Defendants urge that case law has established that these allegations provide no basis for attributing Hamline's actions to the government. In light of this case law, we agree that it is unlikely plaintiff can link Hamline's actions to the state, but the procedural posture of the case prevents this unlikelihood from being dispositive. Plaintiff's complaint was dismissed for failure to state a claim. In this situation, the allegations contained in the complaint must be accepted as true and viewed most favorably to plaintiff. Northern States Power Co. v. Franklin, 265 Minn. 391, 122 N.W.2d 26 (1963). Given the nebulous character of state action, we think it would have been improper to dismiss plaintiff's constitutional claim at this stage of the proceedings. See, Weise v. Syracuse University, 522 F.2d 397, 407 (2 Cir. 1975). Since the complaint sufficiently alleged state action, we must assume its existence.
See, e. g., Grafton v. Brooklyn Law School, 478 F.2d 1137 (2 Cir. 1973); Cohen v. Illinois Institute of Technology, 524 F.2d 818 (7 Cir. 1975), certiorari denied, 425 U.S. 943, 96 S.Ct. 1683, 48 L.Ed.2d 187 (1976); Krohn v. Harvard Law School, 552 F.2d 21 (1 Cir. 1977); Spark v. Catholic University, 167 U.S.App.D.C. 56, 510 F.2d 1277 (1975); Greenya v. George Washington University, 167 U.S.App.D.C. 379, 512 F.2d 556, certiorari denied, 423 U.S. 995, 96 S.Ct. 422, 46 L.Ed.2d 369 (1975); Powe v. Miles, 407 F.2d 73 (2 Cir. 1968); Grossner v. Trustees of Columbia University, 287 F. Supp. 535 (S.D.N Y 1968).
The United States Supreme Court has noted: "Only by sifting facts and weighing circumstances can the nonobvious involvement of the State in private conduct be attributed its true significance." Burton v. Wilmington Parking Authority, 365 U.S. 715, 722, 81 S.Ct. 856, 860, 6 L.Ed.2d 45, 50 (1961).
The cases involving public universities demonstrate that a student's interest in attending a university is a property right protected by the due process clause. E. g., Dixon v. Alabama State Bd. of Educ., 294 F.2d 150 (5 Cir.), certiorari denied, 368 U.S. 930, 92 S.Ct. 369, 7 L.Ed.2d 193 (1961). Accord, Gaspar v. Bruton, 513 F.2d 843, 850 (10 Cir. 1975). The question then concerns the procedural protections that are to be afforded plaintiff. Determination of the process due necessitates a balancing of the interests and needs of the student against the interests and resources of the university. See, Goss v. Lopez, 419 U.S. 565, 95 S.Ct. 729, 42 L.Ed.2d 725 (1975).
Courts have invoked different protections for disciplinary and academic expulsions. Expulsion for misconduct triggers a panoply of safeguards designed to ensure the fairness of factfinding by the university. See, Dixon v. Alabama State Bd. of Educ., 294 F.2d 150 (5 Cir.), certiorari denied, 368 U.S. 930, 82 S.Ct. 368, 7 L.Ed.2d 193 (1961). But when a student is expelled for academic deficiencies, these protections are less appropriate. An adjudicative hearing will not determine whether a student's educational performance was unsatisfactory. That issue would be resolved only by regrading the student's examinations, which is a professor's and not a judge's function. Nevertheless, it a student's expulsion results from the arbitrary, capricious, or bad-faith actions of university officials, the judiciary will intervene and direct the university to treat the student fairly. Mahavongsanan v. Hall, 529 F.2d 448 (5 Cir. 1976); Gaspar v. Bruton, 513 F.2d W (10 Cir. 1975); Greenhill v. Bailey, 519 F.2d 5 (8 Cir. 1975); Depperman v. University of Kentucky, 371 F. Supp. 73 (E.D.Ky. 1974); Brookins v. Bonnell, 362 F. Supp. 379 (E.D.Pa. 1973); Connelly v. University of Vermont State Agricultural College, 244 F. Supp. 156 (D.Vt. 1965); Barnard v. Shelburne, 216 Mass. 19, 102 N.E. 1095 (1913); Note, 81 Harv. L.Rev. 1045, 1139.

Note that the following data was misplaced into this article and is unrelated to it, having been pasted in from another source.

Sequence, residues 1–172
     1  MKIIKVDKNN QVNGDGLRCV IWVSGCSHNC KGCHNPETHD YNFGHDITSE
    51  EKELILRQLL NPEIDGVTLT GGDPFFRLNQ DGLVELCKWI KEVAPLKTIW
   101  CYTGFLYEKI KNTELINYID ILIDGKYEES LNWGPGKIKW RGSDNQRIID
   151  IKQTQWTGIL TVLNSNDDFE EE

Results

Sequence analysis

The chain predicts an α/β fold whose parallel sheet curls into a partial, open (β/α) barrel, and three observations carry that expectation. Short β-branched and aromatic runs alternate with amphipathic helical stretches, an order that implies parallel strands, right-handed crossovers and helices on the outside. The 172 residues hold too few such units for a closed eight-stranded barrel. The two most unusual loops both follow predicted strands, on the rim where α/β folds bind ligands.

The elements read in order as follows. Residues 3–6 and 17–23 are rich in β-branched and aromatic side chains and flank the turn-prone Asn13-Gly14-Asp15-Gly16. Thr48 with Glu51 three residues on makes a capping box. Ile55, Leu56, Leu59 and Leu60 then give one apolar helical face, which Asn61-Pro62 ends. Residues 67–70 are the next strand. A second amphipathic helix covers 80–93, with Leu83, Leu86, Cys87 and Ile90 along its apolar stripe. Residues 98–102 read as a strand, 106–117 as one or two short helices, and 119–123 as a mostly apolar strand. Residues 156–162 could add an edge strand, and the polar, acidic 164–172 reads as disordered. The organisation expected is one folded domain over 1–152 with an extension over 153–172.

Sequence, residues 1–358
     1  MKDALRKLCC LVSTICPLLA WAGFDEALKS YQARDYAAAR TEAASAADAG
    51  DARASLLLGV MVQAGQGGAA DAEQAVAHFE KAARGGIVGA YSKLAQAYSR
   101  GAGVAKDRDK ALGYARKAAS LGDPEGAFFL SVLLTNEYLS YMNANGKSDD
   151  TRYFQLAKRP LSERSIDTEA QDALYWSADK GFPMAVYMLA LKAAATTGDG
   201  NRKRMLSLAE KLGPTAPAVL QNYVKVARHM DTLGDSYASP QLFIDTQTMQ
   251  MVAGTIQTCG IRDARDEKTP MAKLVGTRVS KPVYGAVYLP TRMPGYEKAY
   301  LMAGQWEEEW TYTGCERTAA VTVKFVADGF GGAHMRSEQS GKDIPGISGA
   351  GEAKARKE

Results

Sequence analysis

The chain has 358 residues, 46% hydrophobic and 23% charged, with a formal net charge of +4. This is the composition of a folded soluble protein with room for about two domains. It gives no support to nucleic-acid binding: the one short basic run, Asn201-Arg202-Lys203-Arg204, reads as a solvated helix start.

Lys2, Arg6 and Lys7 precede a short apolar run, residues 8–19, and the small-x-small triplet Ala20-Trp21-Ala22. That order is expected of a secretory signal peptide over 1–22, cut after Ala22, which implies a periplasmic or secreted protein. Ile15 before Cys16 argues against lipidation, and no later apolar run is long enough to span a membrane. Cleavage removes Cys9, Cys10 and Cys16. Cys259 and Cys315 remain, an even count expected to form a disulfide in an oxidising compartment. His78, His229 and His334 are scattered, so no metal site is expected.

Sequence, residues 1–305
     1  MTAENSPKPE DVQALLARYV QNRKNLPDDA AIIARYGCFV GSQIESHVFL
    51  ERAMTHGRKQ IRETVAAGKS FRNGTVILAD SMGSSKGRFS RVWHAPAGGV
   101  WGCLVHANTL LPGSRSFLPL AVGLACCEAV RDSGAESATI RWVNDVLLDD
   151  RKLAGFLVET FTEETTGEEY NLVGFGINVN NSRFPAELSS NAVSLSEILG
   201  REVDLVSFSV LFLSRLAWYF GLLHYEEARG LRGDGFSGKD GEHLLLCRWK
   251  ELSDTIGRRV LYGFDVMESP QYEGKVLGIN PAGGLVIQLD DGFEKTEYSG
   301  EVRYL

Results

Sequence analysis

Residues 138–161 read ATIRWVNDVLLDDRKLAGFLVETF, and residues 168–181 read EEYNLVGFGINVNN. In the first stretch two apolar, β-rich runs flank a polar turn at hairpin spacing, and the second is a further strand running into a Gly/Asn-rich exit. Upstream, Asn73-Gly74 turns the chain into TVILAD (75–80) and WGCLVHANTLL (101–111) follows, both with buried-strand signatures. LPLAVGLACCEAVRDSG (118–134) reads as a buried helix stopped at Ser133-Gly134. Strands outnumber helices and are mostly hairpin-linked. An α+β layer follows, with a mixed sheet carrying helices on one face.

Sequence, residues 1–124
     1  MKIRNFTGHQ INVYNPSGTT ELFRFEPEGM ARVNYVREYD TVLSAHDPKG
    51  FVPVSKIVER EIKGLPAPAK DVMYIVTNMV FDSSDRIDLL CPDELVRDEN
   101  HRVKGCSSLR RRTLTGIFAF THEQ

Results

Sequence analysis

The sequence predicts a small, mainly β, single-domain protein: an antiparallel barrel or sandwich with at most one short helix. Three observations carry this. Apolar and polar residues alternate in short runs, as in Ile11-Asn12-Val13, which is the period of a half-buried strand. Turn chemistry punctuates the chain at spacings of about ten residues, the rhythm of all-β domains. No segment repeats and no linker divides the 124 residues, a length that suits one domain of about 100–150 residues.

In the instant case, plaintiff was expelled because his cumulative grade point average was below 2.0. But he alleged that his examinations for the fall 1975 semester were singularly graded:
"That plaintiff has received information believed by him to be true that his examinations in courses taken by him during the Fall, 1975, semester were singled out for special consideration and grading by his professors as the examinations of a 'probationary student' at the direction of defendants and that defendants have otherwise discriminated against him and applied unequal standards without justification in determining his grades."
The import of these allegations is arbitrary and capricious conduct by Hamline officials. As such, they state a claim for relief and the district court erred in holding to the contrary. Plaintiff is entitled to substantiate these and other allegations of arbitrary conduct.
Plaintiff alternatively cites a common-law duty on the part of the law school not to expel students in an arbitrary manner. In Gleason v. University of Minnesota, 104 Minn. 359, 116 N.W. 650 (1908), we held that a university may not arbitrarily expel a student. A law student had been dropped, per resolution of the executive committee of the Board of Regents, for deficiency in his work and charged with certain insubordinate acts towards the faculty. He alleged that the resolution was adopted, without notice to him and without providing him a hearing, at an ex parte meeting where no evidence was taken, that the action resulted from prejudice and personal feeling toward him, and that he had not violated any university rules. The district court overruled a demurrer to the student's petition for a writ of mandamus ordering his reinstatement, and on appeal by the university, we affirmed. Defendants attempt to distinguish the Gleason decision by suggesting that the university treated Gleason more arbitrarily than Hamline treated plaintiff. The difference goes to satisfaction of the university's duty, not to its existence.